Remember, Georgia ranks 45th in terms of average SAT scores and 47th in terms of graduation rates in the United States.  We are currently failing a large percentage of our students.  Are we really comfortable spending more resources to keep people in prison than educating them in our schools?  It is not a student’s fault that a school is unable to meet their needs.  It is the fault of the adults in Georgia: politicians, school officials, teachers, and parents.  We must collectively own responsibility for this failure.  If Amendment 1 fulfills a goal to develop a robust charter school network in Georgia, then perhaps it is one of the legs on a three-legged stool for improving the quality of education for Georgia’s children.  In that case, I will have been converted.  But the jury is out.

We do need to understand that there are two other legs that support the stool.  One of them is to wisely invest in improving our public schools. We need to invest in more than new buildings, value-added teacher evaluations, iPads in the classroom, and Common Core curricula that are tightly pinned to a high-stakes testing culture.  These investments, which we are all too familiar with, will not improve teaching and learning for the 21st Century.  We must be investing in innovative approaches to instruction and classroom assessment, high-quality teacher preparation programs, strong induction programs for new teachers and ongoing, job-embedded professional development for all teachers.  The research tells us very clearly that if we invest in these types of programs we can improve student engagement and achievement.  Let’s not let only politicians and educational bureaucrats hold the purse strings on how to wisely invest our precious taxpayer dollars.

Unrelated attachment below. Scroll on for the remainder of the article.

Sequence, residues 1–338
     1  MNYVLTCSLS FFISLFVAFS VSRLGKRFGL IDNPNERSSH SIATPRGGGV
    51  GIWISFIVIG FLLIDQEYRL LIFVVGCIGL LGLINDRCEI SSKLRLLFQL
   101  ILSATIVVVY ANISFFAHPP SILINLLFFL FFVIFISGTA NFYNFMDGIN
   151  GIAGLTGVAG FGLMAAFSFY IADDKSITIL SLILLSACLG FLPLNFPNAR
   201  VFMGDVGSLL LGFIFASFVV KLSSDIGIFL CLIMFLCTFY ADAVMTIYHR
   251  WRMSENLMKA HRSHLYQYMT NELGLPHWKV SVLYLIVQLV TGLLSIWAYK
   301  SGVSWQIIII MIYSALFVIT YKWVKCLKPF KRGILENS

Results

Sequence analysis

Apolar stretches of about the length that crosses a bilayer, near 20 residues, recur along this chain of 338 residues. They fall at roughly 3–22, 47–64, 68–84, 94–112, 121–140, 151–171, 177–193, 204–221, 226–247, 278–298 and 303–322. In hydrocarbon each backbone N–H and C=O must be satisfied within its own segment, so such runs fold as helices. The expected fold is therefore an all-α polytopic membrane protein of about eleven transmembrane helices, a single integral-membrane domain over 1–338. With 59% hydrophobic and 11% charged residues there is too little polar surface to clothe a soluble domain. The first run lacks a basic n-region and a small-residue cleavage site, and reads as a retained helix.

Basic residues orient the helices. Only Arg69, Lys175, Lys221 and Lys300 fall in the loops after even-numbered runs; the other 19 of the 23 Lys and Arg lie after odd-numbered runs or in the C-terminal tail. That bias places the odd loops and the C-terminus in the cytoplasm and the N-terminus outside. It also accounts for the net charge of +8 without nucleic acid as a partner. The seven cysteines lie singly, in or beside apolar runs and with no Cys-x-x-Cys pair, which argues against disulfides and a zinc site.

Diagram provided by Robert Ryshke.